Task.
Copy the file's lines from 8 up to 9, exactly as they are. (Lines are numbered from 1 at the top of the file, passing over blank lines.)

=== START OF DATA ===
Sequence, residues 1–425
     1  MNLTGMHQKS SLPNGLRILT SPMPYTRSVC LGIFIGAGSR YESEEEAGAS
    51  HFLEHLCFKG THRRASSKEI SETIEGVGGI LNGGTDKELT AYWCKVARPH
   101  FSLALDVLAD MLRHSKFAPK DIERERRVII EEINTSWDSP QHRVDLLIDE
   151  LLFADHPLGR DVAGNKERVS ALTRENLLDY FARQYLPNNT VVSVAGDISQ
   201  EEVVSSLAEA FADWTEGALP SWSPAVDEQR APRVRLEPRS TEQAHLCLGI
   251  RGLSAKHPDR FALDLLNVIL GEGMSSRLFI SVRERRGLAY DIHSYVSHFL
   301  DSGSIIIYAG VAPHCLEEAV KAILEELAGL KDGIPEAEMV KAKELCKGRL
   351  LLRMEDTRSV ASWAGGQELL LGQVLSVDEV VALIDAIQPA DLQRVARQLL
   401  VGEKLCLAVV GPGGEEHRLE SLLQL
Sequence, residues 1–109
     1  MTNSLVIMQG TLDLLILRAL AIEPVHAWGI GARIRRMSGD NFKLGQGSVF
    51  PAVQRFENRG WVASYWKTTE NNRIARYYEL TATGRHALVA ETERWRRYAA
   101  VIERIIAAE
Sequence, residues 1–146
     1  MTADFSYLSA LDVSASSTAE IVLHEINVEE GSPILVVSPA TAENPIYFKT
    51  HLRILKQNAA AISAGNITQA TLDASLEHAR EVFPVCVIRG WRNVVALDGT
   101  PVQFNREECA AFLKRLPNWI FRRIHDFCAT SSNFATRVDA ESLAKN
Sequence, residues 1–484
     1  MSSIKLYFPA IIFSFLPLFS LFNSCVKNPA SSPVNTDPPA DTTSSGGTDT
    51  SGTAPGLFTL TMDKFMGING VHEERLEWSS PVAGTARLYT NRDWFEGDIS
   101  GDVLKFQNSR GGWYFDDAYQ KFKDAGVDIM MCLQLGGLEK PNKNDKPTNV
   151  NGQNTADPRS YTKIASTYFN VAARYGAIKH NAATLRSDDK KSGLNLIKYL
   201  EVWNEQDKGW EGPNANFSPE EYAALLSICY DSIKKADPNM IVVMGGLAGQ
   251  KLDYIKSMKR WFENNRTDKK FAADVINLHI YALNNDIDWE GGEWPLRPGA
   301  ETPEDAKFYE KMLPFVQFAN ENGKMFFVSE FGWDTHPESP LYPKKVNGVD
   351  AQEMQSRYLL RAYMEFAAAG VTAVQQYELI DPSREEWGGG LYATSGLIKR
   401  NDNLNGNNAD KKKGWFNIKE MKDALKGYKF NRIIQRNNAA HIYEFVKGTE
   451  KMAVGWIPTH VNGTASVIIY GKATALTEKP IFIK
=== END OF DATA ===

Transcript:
   301  DSGSIIIYAG VAPHCLEEAV KAILEELAGL KDGIPEAEMV KAKELCKGRL
   351  LLRMEDTRSV ASWAGGQELL LGQVLSVDEV VALIDAIQPA DLQRVARQLL